Harrowing economic times would usually be even scarier for a start-up firm like Hyper9 Inc., and Chief Technology Officer Dave McCrory. Yet McCrory says he isn’t worried. Why?
Because business is better than expected for the two-year-old Austin, Texas-based firm and its Hyper9 platform virtualization management software, and phones are ringing off the hook as companies scramble to jump on the resource abstraction bandwagon.
McCrory gives an strong interest in Hyper9 simply: The economy is driving customers to the door, rather than from it. As companies expand the number of virtual machines they use to reap a quick return on investment, they’re finding it more and more necessary to manage these machines, a problem Hyper9 solves.
But not even Hyper9’s most optimistic expectations predicted a virtualized software boom this soon, as McCrory explains:
“We knew there was going to be a problem out there managing virtual machines as the number grew to 30 or more at different firms. We thought that tipping point would come five years from now. We didn’t know it would be coming this soon.”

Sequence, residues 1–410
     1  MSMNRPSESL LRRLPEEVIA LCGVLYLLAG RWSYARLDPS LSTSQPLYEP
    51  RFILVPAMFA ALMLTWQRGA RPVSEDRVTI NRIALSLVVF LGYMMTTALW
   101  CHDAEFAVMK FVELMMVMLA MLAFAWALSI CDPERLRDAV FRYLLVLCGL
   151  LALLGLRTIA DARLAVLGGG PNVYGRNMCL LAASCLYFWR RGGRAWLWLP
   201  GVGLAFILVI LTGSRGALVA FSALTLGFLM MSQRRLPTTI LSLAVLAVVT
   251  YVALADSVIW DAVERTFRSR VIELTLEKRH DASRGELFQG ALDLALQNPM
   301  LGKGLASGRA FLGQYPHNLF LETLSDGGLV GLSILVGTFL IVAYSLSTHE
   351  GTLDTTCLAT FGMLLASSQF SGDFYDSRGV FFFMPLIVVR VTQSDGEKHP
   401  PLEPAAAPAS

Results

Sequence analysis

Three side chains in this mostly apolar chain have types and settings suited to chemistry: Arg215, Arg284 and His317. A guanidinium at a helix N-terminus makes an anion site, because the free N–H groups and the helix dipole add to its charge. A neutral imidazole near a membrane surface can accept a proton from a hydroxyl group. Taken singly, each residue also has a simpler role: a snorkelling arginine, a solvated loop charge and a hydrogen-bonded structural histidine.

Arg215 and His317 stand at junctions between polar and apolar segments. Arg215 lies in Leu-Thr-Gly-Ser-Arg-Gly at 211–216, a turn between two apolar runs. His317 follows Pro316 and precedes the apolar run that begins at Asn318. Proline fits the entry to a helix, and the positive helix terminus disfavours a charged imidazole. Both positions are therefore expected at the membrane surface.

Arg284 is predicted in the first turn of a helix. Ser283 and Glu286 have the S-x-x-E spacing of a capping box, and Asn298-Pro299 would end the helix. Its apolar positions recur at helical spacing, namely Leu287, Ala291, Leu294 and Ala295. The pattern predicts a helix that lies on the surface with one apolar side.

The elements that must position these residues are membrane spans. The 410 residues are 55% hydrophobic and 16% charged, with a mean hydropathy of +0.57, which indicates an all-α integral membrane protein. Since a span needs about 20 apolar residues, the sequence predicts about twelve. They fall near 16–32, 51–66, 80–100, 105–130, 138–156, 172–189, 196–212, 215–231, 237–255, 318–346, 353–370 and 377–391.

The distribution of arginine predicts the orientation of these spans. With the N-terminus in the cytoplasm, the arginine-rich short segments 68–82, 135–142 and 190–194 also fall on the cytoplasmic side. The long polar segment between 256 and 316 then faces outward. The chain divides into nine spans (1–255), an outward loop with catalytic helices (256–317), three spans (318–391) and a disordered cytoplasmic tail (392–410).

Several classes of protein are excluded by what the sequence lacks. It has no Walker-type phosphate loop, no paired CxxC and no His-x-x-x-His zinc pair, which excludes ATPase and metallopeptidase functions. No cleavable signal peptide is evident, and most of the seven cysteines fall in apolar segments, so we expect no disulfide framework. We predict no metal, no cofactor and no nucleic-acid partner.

This boom within a time of bust has been a pleasant surprise across the entire virtualization sector, from start-ups like Hyper9 to big dogs like VMware Inc., Microsoft Corp. and Citrix Systems Inc.
“In my 10 years with the company, this is one of the fastest adoptions I’ve seen,” Zane Adam, Microsoft’s senior director of virtualization strategy, said of Hyper-V’s rapid uptake, though this could be attributed to Hyper-V’s open-s0urce status.
Even the sector’s biggest player, VMware, is adding 300 more jobs to its 6,300-strong workforce, despite speculations about slipping market-share and increasing competition from Microsoft/Citrix and smaller virtualization vendors.